Today I am going to share part one of an article about what to expect at your first massage.
What To Expect At Your First Massage by Laura Schocker
Attention, spa junkies: today kicks off the start of Spafinder’s annual Wellness Week when companies all over the country discount prices for their services.
Massage, in particular, may be a favorite this year, as its reputation for being just as therapeutic as it is pampering is gaining steam — a recent Wall Street Journal article, for instance, called out the many benefits of a rubdown, and multiple studies have found health perks that range from decreased back pain to an improvement in depression and
But as much as we hear about the healthy advantages of massage, there’s no doubt that booking that first appointment can be a little scary — is it ok to specify a gender preference for your therapist? How many clothes are you really supposed to take off? And how much do you tip?
To de-mystify your first trip, we spoke to Susie Ellis, president of Spafinder, to get her best tips for massage newbies. Read through the advice, then tell us, what did you wish you had known before your first appointment?
To find a good massage, ask friends for references or look up reviews online. Feel free to ask questions about the facility to get a feel if it will be a relaxing experience for you. And ask about types of massage — for a first-timer, Ellis suggests booking a Swedish massage, which is relaxing and gentle, while still being therapeutic.
Speak Up About Therapist Preferences
When you’re setting up your appointment, voice any requests about your therapist and feel free to ask questions about his or her experience or technique. Now is also the time to state whether you’d prefer a male or female therapist.
While Ellis says it’s perfectly fine to state a gender preference, she also reminds novices that there’s a draping protocol during the session, which means only one part of your body will be exposed at any given time to ensure modesty.
Timely arrival is the first step to a relaxing massage. Ellis recommends arriving about 15 minutes before your appointment time so you have plenty of time to get set up — if the facility offers amenities like a steam sauna or a hot tub, you may want to up that extra time to an hour. Showing up late will shave minutes off your massage time, as many places will enforce the same end-time to avoid delaying the next customer. Not to mention, the stress of rushing to keep your appointment has a way of killing the relaxation vibe.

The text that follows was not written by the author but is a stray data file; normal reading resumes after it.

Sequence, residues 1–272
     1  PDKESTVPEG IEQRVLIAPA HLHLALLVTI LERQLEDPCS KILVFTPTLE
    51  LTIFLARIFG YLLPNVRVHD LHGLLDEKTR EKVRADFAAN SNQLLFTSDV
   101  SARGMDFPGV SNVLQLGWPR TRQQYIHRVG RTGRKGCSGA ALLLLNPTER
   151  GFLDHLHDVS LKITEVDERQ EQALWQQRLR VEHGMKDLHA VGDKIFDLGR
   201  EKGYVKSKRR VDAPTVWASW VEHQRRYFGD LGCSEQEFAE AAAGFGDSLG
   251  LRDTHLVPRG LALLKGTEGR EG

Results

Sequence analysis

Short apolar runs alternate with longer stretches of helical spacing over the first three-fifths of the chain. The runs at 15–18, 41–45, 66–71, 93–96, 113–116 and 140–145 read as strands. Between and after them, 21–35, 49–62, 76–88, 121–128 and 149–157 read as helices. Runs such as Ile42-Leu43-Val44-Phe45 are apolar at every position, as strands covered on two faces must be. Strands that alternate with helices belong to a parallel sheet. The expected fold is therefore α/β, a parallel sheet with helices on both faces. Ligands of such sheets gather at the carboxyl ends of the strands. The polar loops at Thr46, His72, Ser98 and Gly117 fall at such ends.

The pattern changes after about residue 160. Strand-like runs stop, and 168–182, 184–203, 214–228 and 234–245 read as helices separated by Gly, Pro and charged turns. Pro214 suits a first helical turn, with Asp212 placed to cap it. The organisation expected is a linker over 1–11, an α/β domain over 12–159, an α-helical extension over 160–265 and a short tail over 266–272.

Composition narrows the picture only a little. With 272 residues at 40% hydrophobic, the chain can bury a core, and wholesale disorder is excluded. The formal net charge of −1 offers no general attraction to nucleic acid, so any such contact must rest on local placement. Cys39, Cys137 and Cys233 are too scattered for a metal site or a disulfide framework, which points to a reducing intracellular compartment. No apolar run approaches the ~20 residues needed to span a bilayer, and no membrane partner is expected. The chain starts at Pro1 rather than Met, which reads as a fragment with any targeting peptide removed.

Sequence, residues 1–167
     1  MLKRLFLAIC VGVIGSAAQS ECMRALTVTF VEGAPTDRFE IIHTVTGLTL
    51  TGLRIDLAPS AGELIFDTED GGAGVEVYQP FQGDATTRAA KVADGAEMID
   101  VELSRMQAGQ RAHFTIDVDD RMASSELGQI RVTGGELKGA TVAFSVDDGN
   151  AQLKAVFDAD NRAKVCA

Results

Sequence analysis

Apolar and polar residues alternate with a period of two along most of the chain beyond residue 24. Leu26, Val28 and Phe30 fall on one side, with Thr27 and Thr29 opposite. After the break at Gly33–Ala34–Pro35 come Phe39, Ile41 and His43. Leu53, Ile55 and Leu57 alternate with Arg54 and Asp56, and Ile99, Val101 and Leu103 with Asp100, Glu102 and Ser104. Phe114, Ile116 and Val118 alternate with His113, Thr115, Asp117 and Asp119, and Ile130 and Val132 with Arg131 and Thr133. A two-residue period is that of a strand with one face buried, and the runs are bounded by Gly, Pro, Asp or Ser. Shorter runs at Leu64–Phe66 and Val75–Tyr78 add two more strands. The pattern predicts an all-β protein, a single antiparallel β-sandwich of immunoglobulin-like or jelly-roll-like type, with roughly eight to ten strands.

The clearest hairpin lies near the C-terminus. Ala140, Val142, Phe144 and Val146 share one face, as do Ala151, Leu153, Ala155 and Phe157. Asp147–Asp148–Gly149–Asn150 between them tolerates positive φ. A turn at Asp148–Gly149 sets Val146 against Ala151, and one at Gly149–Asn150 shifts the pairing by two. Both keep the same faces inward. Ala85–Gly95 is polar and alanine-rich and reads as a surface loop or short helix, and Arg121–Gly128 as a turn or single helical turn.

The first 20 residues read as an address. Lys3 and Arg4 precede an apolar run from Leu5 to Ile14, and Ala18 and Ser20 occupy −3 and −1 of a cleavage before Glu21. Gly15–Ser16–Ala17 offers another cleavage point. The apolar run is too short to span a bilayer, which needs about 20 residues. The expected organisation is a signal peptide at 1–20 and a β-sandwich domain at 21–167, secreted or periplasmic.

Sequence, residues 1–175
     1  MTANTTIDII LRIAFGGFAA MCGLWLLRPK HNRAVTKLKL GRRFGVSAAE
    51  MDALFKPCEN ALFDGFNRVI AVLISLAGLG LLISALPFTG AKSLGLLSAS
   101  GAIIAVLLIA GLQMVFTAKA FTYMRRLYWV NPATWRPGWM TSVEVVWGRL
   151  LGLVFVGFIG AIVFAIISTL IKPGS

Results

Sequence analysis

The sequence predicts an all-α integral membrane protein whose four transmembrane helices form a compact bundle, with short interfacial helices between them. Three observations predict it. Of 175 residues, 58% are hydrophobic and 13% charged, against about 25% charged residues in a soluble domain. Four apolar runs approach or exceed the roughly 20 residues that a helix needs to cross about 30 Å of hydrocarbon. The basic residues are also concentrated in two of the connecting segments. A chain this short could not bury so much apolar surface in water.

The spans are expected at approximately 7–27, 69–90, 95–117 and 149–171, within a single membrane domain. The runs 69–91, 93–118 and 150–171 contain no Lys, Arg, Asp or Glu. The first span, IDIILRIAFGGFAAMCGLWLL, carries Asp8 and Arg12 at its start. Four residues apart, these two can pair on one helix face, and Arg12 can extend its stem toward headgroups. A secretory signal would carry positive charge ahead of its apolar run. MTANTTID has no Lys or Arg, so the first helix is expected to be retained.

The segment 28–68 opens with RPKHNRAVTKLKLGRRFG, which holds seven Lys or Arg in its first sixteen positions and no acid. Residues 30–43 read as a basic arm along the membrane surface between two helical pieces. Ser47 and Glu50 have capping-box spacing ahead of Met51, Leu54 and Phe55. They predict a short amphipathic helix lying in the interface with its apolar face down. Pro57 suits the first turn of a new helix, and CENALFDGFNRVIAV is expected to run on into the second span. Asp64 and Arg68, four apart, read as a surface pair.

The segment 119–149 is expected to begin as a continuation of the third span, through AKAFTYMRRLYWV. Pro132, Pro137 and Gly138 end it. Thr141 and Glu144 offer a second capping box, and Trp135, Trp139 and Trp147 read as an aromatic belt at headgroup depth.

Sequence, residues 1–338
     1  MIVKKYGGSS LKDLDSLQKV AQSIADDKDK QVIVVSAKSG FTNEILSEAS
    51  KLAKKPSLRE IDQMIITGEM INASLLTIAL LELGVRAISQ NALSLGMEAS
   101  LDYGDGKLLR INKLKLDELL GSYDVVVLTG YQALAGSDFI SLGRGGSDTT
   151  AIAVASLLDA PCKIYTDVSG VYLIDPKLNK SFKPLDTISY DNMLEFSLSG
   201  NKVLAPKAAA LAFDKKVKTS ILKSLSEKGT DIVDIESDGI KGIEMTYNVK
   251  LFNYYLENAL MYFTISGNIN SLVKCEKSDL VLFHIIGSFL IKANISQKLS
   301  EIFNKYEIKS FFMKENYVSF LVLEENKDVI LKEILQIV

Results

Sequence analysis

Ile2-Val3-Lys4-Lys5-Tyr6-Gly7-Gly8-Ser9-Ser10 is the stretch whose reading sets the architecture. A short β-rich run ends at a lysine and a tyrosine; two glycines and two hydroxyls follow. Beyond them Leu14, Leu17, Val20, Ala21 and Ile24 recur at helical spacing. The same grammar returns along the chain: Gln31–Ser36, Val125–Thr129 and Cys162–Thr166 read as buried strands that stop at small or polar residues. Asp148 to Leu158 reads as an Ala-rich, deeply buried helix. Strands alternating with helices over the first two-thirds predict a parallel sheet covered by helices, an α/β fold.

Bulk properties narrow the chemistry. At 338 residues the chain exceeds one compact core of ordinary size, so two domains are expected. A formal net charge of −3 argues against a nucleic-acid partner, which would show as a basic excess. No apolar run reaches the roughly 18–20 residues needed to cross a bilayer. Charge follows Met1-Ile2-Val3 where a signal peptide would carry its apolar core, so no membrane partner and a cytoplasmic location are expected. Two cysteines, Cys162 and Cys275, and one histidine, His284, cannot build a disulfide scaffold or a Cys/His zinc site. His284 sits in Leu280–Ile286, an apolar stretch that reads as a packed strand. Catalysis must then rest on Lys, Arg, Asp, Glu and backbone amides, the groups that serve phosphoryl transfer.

For the benefit of both you and your therapist, take a shower before starting your treatment, Ellis advises. Many facilities have showers on-site but call ahead so you can plan accordingly, and shower at home if not. And if you have long hair, remember to bring something to tie it back.
It’s also best to lay off the perfume, if possible, which can interfere with any aromatherapy meant to enhance the experience.
Turn Off Your Phone
Massages are about relaxation — so make this an electronic-free zone. Turn your phone off or put it in silent. Better yet, leave it in the locker room if there’s a secure, locked place. Your messages will still be there when you get out, we promise.
Leave The Jewelry Behind
It’s best not to wear any jewelry during a massage — in fact, Ellis suggests not bringing it with you in the first place, so you don’t risk leaving it behind in the treatment room.
‘Go’ Before You Go
Oftentimes people forget to use the bathroom before their massage, Ellis says, which can cut into treatment time if you have to get up later. (Though if you do need to get up partway through, don’t worry — Ellis says it happens.)
Come back tomorrow to see part two of this article.